Welcome to the UK is the fascinating answer to how you put on a play by a collaborative cast who don’t all speak the same language. The result is heavy on humour and pathos, sometimes light on dialogue, Sometimes confusing, this Dadaesque play examines the way the system of immigration feels for those trapped in it. Decisions that make no sense control your every waking moment, your destiny, your right to live and die.
The play is set in a circus (which heightens the surrealities) and fairground (which heightens the sense of menace) with a ringmaster based on a cross between Theresa May and the Wicked Witch of the West. It tells a dizzying number of stories from people of many different countries of origin now trying to make it in the UK.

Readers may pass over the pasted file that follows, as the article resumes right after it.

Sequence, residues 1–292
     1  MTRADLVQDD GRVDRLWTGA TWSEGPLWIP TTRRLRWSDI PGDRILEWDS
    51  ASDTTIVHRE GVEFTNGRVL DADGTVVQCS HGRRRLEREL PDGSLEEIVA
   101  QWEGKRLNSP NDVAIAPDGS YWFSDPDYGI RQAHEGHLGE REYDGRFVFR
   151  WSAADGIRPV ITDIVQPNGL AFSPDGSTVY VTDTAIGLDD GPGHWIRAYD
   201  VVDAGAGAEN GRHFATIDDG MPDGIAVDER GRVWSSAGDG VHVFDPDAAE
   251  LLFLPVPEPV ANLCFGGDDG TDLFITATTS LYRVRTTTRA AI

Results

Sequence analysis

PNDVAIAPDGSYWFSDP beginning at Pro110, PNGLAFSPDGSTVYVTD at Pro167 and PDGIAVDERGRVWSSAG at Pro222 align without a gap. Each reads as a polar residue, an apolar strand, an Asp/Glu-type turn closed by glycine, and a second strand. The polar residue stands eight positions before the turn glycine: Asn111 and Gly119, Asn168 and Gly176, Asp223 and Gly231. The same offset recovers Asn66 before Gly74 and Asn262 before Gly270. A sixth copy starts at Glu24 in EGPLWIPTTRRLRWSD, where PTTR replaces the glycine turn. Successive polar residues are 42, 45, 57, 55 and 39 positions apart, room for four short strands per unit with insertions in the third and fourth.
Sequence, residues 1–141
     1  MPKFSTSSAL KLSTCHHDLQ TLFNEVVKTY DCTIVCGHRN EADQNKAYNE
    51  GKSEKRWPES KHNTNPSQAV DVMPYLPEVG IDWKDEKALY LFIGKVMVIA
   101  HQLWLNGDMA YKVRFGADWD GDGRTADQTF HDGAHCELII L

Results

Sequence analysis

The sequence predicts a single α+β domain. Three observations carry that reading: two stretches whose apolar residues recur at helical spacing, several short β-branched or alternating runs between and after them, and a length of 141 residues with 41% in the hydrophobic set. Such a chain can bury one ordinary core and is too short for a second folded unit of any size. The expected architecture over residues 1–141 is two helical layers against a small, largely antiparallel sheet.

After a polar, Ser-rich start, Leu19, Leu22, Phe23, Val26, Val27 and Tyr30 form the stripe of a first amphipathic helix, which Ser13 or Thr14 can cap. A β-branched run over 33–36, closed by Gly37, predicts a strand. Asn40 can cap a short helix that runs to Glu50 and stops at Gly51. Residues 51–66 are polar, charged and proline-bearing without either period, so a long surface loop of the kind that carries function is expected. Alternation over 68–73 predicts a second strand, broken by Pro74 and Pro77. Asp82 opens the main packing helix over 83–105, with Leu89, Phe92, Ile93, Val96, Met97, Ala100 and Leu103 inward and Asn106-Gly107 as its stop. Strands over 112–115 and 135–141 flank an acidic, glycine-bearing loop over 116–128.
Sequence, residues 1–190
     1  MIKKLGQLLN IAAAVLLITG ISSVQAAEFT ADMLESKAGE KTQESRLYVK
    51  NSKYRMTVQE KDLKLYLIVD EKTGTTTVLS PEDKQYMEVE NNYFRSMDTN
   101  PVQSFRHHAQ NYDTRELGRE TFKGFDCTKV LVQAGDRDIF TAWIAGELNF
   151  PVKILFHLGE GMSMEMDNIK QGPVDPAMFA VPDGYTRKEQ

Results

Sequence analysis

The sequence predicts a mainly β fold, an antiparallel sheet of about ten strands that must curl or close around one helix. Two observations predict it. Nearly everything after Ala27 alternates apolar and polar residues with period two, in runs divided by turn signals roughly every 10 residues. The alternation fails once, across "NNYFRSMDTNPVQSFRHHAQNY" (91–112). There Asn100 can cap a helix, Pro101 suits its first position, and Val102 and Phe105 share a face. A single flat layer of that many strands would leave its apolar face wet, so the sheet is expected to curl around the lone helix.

Covering a range of different exploitations from the black economy to sexual slavery the play is rescued from being simply too depressing by the humour of the actors – all refugees themselves. There isn’t a linear plot though – just a series of snapshots. Which can sometimes be confusing to follow.
My main criticism would be that the direction doesn’t take proper account of the space it’s set in. For a play so willing to break rules, it was odd that so much was played forward while the theatre was in the round.
But this is a small detail next to the big feeling the play induces. Guilt for the system we allow is both encouraged and lampooned. But you still leave with a passionate desire to do better.